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The Folger Spotlight

Poetic Pairings: Francis Ellen Watkins Harper and Ripasso

Shakespeare’s Sisters: Say Her Name celebrates the poetry of Black women in America. This virtual seminar and writing workshop for adults explores poets such as June Jordan, Ai, Lucille Clifton, Rita Dove, Tracy K. Smith and others. From the Black Arts Movement to Cave Canem to recent Poet Laureates, these poets speak to the contemporary moment with many still alive and producing work.

We are pleased to bring you a special collaboration with DCanter wines, pairing a poem from the Shakespeare’s Sisters curriculum with a recommended wine each Monday of the seminar. Folger Poetry Coordinator and Shakespeare’s Sisters co-leader Teri Cross Davis provides context for the choices.

This poem is written by Frances Ellen Watkins Harper, who was born a free woman in Baltimore in 1825 and went on write the first short story published by a Black woman as well as poetry and anti-slavery literature. The home where Harper lived in Philadelphia is now a National History Landmark. Additionally, the Contemplation Court inside the Smithsonian Institution National Museum of African American History and Culture includes a skylight waterfall surrounded by quotes by four authors; Harper is the only woman quoted, with lines from this poem, “Bury Me in a Free Land.”

Bury Me in a Free Land
by Frances Ellen Watkins Harper

Make me a grave where’er you will,
In a lowly plain or a lofty hill;
Make it among earth’s humblest graves
But not in a land where men are slaves.

I could not rest if around my grave
I heard the steps of a trembling slave;
His shadows above my silent tomb
Would make it a place of fearful gloom.

I could not rest if I heard the tread
Of a coffle gang to the shambles led,
And the mother’s shriek of wild despair
Rise like a curse on the trembling air.

I could not sleep if I saw the lash
Drinking blood at each fearful gash,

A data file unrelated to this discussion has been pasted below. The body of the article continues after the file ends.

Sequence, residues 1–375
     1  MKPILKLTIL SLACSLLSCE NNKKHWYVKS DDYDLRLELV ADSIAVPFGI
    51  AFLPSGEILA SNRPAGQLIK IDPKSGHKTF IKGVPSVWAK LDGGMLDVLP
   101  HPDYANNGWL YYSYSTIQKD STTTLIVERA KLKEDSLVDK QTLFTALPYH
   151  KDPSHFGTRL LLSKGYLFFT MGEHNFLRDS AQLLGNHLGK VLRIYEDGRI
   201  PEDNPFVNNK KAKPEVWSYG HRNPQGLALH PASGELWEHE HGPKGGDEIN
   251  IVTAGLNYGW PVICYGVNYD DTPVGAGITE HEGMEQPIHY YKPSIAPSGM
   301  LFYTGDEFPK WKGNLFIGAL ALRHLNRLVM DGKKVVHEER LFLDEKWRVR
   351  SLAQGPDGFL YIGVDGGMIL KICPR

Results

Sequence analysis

And I saw her babes torn from her breast,
Like trembling doves from her parent nest.

I’d shudder and start if I heard the bay
Of bloodhounds seizing their human prey,
And I heard the captive pleading in vain
As they bound afresh his galling chain.

If I saw young girls from their mother’s arms
Bartered and sold for their youthful charms,
My eye would flash with a mournful flame,
My death-paled cheek grow red with shame.

I would sleep, dear friends, where bloated might
Can rob no man of his dearest sight;
My rest shall be calm in any grave
Where none can call his brother a slave.

I ask no monument, proud and high,
To arrest the gaze of the passers-by;
All that my yearning spirit craves
Is bury me not in a land of slaves.

We recognize the content of this poem is not light entertainment and suggest reading it a few times aloud, as Watkins Harper would deliver her work in the street and in auditoriums. Perhaps after that reading, sit for a glass of wine.  Something defiant with bold flavor that seeks to reinvent itself. To do the job, DCanter has provided us with Remo Farina Valpolicella Superiore Classico Ripasso 2018.

Remo Farina Valpolicella Superiore Classico Ripasso 2018

Bottle of Ripasso wineFrom: Veneto, Italy

Description: Concentrated fruit aromas of ripe cherry and plum jam with hints of leather, licorice, and bit of spiced-ginger. This wine is very pleasant on the palate and well-balanced with a smooth plum skin texture that carries forward the fruit flavors.

Pairs with: Excellent with a variety of meat dishes and mature cheeses.

Taking something old, used, or broken down and making something new is a cathartic and rewarding experience. This must be what winemakers in Veneto, Italy feel when they create ripasso wines from leftover grape skins. After making the bold and rich Amarone della Valpolicella wine, winemakers put the remaining grape skins into a fresh and young wine to provide more structure and flavor. This process results in a fuller, jammy and fruity wine that pays homage to work the winemaker puts into the process. —Beth Richman, DCanter


DCanter logoDCanter: A Wine Boutique is a wine retailer located on Capitol Hill in Washington, DC, specializing in sustainable, organic, and biodynamic wines from small producers around the world as well as fun, yet informative, wine education. Their selections are available in-store, online, or through a personalized wine shopping service known as Concierge by DCanter. Visit them at to learn more.

Shakespeare’s Sisters: Say Her Name continues this week, exploring Francis Ellen Watkins Harper and poets of the Civil War and Reconstruction periods Period. You can still join us for our current sessionby calling the box office 202.544.7077. Register online for our second session beginning November 3, 2021.